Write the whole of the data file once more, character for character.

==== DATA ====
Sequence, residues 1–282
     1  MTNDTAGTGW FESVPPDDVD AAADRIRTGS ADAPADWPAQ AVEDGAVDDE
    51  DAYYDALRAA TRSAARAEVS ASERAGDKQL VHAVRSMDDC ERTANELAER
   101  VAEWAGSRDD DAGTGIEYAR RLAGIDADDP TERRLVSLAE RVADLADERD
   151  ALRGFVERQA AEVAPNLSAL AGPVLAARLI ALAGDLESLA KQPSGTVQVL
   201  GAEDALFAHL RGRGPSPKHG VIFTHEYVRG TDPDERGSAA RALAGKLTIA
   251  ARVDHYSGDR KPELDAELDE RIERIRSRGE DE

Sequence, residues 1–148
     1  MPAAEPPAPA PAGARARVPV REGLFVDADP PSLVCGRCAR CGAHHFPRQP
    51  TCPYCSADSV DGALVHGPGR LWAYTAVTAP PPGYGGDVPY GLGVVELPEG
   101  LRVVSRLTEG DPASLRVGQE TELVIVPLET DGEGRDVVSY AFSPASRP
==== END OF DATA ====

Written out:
Sequence, residues 1–282
     1  MTNDTAGTGW FESVPPDDVD AAADRIRTGS ADAPADWPAQ AVEDGAVDDE
    51  DAYYDALRAA TRSAARAEVS ASERAGDKQL VHAVRSMDDC ERTANELAER
   101  VAEWAGSRDD DAGTGIEYAR RLAGIDADDP TERRLVSLAE RVADLADERD
   151  ALRGFVERQA AEVAPNLSAL AGPVLAARLI ALAGDLESLA KQPSGTVQVL
   201  GAEDALFAHL RGRGPSPKHG VIFTHEYVRG TDPDERGSAA RALAGKLTIA
   251  ARVDHYSGDR KPELDAELDE RIERIRSRGE DE

Sequence, residues 1–148
     1  MPAAEPPAPA PAGARARVPV REGLFVDADP PSLVCGRCAR CGAHHFPRQP
    51  TCPYCSADSV DGALVHGPGR LWAYTAVTAP PPGYGGDVPY GLGVVELPEG
   101  LRVVSRLTEG DPASLRVGQE TELVIVPLET DGEGRDVVSY AFSPASRP